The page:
The post Hurricane Katrina world of demolishing New Orleans buildings and hauling truckloads of rubble off to a landfill isn't a male-dominated industry, it's a male-only industry. At least it was, until Simone Bruni came along with nothing more than a few pink yard signs and a business name that would capitalize on her most unique quality in the demolition business: Demo Diva.
Pres Kabacoff and his company HRI Properties have had an enormous impact on the city of New Orleans — from building Beau Chêne on the Northshore to pioneering a return to inner-city living by bringing back the Warehouse District.
Rick Haase has shepherded Latter and Blum into becoming the biggest real estate player in the Gulf South.
The film business continues to grow so quickly that the term "Hollywood South" is becoming less of a quaint marketing moniker and more literally true with every movie that shoots here. Part of the reason for the growth is financial — state tax credits — and the other part is the crew and facilities now available here.
This week on Out to Lunch: Chris Schulz is founder of angel investor Voodoo Ventures and NOLA IT-central Launchpad. Once you get your business up and running McKenzie Coco's FSC Interactive will get you noticed. As will your hip sunglasses from KREWE du optic.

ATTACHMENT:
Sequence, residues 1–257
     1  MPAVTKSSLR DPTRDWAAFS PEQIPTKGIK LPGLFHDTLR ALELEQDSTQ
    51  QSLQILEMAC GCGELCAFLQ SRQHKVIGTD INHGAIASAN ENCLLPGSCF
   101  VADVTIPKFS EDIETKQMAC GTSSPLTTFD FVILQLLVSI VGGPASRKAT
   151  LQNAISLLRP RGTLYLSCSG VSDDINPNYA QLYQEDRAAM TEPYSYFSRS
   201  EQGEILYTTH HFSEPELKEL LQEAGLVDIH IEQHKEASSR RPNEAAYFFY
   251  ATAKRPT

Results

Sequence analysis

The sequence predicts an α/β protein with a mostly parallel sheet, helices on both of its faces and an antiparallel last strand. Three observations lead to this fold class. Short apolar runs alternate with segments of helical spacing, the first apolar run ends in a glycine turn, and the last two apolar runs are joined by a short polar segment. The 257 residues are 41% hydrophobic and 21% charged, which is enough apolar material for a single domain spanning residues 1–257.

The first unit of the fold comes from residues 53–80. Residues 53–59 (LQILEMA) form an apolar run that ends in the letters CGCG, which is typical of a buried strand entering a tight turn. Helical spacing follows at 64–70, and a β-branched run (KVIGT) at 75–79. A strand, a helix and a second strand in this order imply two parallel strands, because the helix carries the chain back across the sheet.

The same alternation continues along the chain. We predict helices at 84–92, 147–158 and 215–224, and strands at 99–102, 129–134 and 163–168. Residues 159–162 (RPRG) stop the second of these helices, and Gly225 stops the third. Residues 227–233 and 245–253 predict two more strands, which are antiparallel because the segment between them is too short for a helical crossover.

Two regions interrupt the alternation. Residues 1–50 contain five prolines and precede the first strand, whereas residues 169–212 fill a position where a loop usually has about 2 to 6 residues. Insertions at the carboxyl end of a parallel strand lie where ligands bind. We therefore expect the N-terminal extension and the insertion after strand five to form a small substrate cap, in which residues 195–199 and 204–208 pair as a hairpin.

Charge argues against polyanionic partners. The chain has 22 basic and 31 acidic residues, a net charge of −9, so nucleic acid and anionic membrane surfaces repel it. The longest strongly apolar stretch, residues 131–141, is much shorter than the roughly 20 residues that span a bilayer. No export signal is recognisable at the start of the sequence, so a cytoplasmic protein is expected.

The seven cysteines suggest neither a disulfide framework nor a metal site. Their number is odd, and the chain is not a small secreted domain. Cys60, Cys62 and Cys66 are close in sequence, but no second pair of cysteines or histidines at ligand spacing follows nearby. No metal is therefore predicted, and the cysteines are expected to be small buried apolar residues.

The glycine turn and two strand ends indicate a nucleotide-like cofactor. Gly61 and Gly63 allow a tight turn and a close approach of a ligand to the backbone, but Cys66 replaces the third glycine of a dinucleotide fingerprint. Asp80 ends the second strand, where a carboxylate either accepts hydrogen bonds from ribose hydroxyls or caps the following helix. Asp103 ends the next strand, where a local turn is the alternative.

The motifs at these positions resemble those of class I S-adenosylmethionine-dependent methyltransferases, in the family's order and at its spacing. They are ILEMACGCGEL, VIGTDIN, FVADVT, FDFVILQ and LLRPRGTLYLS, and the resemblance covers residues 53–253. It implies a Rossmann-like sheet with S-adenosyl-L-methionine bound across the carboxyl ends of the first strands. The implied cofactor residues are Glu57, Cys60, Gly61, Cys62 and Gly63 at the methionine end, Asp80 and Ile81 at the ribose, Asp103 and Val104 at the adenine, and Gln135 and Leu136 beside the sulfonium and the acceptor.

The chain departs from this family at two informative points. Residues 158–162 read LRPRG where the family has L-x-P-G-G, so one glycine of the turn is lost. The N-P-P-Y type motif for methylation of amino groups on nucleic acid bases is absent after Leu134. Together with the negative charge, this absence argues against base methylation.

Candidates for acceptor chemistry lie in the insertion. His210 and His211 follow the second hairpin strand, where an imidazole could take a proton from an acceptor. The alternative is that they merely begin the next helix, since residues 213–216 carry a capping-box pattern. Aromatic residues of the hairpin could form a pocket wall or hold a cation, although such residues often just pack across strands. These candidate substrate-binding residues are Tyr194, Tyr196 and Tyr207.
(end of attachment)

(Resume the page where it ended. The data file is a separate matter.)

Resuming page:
Oil giant BP is challenging hundreds of millions of dollars in claims that were filed by businesses after the company's 2010 oil spill in the Gulf of Mexico.
The total price tag for BP's oil spill is huge — $42.5 billion. At issue here is a fraction of that — but still a lot of money. BP says $540 million has been awarded to businesses for losses that "are either nonexistent, exaggerated or have nothing to do with the Deepwater Horizon accident."
This week on Out to Lunch, we wonder: what kind of business person looks at the New Orleans landscape and decides we need more booze? Kirk Coco from NOLA Brewing and Jedd Haas from Atelier Vie, that's who.
NEW ORLEANS - By one count there were already 65 restaurants on the three miles of Magazine Street, a major artery through this city's upscale districts. But on a recent Monday, diners were eager for No. 66. The minute the lights went on at Ivy, an autumnal little lounge with an as-seen-on-TV chef, the curious were at the door.
Jerry Strahan has been wrangling Lucky Dogs vendors for nearly 40 years and has the stories to prove it. Amy Wendel carries on the family tradition of Hove, the French Quarter's French Creole perfumery.
Plus, Amy and Jerry pay it forward with online marketers Ember Networks.
Good local meat meets local Good Eggs. Seth Hamstead from full-service butcher Cleaver & Co., and Tess Monaghan from online farmer's market Good Eggs, are leading the local revolution back to the future of good, old fashioned, locally grown, seasonal and sustainable food. And they deliver.